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L.A. Officials Herald ‘Transformative,’ Newly Renovated Ford Amphitheater

Los Angeles' Ford Amphitheater renovation was originally budgeted at around $50 million, but the project ballooned to over $70 million. Still, the end result complements the city's already unrivaled…

Los Angeles County officials unveiled the fully renovated John Anson Ford Amphitheater, which adds a new jewel in the city’s already unrivaled network of outdoor theater venues. At Friday’s ribbon cutting ceremony some officials heralded it as the greatest mid-sized outdoor theater in the country.

Elements of the 97-year-old complex situated in the Cahuenga Pass next to the 101 Freeway remain intact, but the cruder elements that had long plagued the 1200-seat amphitheater have been exorcised and updated. Tucked deep into a vertiginous hillside at the base of several ravines, the renovation presented multiple engineering challenges throughout its three-year renovation.

“There were 1,000 decisions that had to be made and all those decisions — as a composite — resulted in some design compromises,” said architect Brenda Levin of Levin & Associates, who oversaw the project, calling it one of the most challenging of her career. Levin, arguably the most sought-after architect in the city for high-profile restoration projects, has previously helped restored numerous other iconic L.A. landmarks including the Griffith Observatory, the Wiltern Theater, the Bradbury Building and City Hall.


Much of the $72 million renovation focused on updating the complex’ almost-medieval irrigation and drainage system that had previously resulted in frequent flooding. Now, beneath the new and expanded Ipe wood stage is a water capture and drainage system that should eliminate, if not dramatically reduce, the threat of flooding and landslide closures.

“This project had its challenges. It was a very expensive project and there is no way to put lipstick on that,” said former county supervisor Zev Yaroslavsky who was an early champion of project before handing it off to his successor Sheila Kuehl who was also on hand for the ribbon cutting ceremony. Originally budgeted at around $50 million the project ballooned to over $70 million. “No L.A. facility needed [a renovation] more than the Ford Theater and we now have a venue that is bigger than the sum of its parts. This is a transformative project,” he said.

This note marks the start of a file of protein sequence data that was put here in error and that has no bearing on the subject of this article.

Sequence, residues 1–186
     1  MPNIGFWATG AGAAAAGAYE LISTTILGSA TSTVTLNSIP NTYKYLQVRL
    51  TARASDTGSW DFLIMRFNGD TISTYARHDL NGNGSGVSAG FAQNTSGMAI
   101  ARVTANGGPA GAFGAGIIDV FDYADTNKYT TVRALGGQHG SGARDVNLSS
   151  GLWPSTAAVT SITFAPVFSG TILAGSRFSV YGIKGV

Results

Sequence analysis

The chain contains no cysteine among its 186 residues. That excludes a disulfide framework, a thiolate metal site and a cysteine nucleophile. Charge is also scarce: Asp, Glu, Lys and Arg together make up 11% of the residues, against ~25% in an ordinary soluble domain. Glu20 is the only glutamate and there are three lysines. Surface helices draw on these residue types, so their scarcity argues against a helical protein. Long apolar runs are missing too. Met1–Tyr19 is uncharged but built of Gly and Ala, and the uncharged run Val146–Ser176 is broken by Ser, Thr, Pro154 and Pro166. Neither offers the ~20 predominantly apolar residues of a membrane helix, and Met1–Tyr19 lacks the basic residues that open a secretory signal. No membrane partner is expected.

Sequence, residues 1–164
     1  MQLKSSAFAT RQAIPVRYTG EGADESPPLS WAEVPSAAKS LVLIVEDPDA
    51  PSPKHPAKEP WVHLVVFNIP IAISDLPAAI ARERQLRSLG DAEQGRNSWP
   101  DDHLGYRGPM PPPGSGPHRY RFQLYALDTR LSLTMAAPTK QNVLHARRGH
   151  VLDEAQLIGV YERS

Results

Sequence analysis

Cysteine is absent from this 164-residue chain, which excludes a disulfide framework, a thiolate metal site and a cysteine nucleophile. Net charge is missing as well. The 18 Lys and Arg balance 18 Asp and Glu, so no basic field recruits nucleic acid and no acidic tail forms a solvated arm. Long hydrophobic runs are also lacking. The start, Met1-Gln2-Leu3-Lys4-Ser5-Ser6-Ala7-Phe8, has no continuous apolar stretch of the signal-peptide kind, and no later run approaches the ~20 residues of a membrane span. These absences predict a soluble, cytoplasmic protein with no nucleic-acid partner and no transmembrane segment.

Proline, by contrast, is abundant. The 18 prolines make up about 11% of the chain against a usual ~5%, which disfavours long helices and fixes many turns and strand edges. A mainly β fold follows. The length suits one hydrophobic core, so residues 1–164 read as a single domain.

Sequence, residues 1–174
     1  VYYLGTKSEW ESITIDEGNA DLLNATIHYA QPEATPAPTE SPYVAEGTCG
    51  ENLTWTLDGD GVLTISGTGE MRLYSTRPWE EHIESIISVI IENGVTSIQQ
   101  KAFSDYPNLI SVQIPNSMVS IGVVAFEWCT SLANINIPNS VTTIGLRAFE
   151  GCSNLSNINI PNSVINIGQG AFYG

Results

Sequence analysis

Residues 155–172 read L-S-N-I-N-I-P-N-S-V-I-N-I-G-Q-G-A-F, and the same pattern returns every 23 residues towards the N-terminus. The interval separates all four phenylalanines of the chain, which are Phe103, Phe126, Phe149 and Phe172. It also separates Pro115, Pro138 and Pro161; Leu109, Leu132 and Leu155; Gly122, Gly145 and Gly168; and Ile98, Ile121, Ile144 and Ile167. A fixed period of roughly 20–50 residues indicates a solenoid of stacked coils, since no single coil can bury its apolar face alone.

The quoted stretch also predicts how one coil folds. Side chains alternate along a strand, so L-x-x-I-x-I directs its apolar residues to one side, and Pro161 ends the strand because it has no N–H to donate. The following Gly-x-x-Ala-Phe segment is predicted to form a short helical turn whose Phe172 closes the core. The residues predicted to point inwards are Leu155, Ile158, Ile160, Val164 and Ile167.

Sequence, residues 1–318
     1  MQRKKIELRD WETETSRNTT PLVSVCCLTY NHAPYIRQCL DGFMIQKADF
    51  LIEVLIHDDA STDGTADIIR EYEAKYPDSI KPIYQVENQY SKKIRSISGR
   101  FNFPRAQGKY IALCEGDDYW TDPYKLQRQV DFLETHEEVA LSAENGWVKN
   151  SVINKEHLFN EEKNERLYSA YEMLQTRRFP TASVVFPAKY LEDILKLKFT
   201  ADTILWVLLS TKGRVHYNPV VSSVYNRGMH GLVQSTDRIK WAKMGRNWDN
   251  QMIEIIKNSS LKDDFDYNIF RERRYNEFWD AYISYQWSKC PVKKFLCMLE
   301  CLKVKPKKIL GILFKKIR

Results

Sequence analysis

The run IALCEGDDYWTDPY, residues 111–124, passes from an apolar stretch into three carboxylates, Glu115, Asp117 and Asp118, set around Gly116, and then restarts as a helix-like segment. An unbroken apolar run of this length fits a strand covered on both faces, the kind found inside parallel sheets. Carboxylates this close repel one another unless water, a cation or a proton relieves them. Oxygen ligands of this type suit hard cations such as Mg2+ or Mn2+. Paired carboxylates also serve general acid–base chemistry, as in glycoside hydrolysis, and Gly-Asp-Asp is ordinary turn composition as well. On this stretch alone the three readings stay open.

In addition to the new stage, several brand new structures were built to incorporate onsite office space for full-time staff. There is a new and dramatically expanded backstage artists’ area that was built beneath the stage into the bedrock and two new elevators for improved accessibility around the complex which now offers a concession kitchen and outdoor dining terrace that was named in honor of Yaroslavsky. A catwalk and control room were added to service the newly installed state of the art lighting and sound systems. The acoustics of the theater got a further boost from a sound wall built along the upper lip that will serve to block out unwanted sounds from the nearby 101 Freeway and ambient sounds drifting from concerts at the Hollywood Bowl.


The Summer Season programming kicks off this weekend with Savion Glover and will be a mix of theater, dance, and musical acts that range from Senegalese vocalist Youssou N’Dour to singer songwriter Rufus Wainwright.

Originally built in 1920 to stage the Pilgrimage Play, the theater was originally called the Pilgrimage Theater before it was renamed in 1976 after county supervisor John Anson Ford. The original structure was destroyed by a brush fire in 1929 and then rebuilt with poured concrete and stonework in an ancient Judaic architectural style.

This story was originally published by The Hollywood Reporter